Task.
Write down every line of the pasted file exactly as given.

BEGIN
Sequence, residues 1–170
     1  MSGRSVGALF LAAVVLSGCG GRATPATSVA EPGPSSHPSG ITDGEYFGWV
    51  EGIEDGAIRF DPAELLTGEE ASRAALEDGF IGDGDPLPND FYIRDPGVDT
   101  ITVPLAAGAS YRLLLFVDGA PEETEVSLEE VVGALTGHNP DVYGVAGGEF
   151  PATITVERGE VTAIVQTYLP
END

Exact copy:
Sequence, residues 1–170
     1  MSGRSVGALF LAAVVLSGCG GRATPATSVA EPGPSSHPSG ITDGEYFGWV
    51  EGIEDGAIRF DPAELLTGEE ASRAALEDGF IGDGDPLPND FYIRDPGVDT
   101  ITVPLAAGAS YRLLLFVDGA PEETEVSLEE VVGALTGHNP DVYGVAGGEF
   151  PATITVERGE VTAIVQTYLP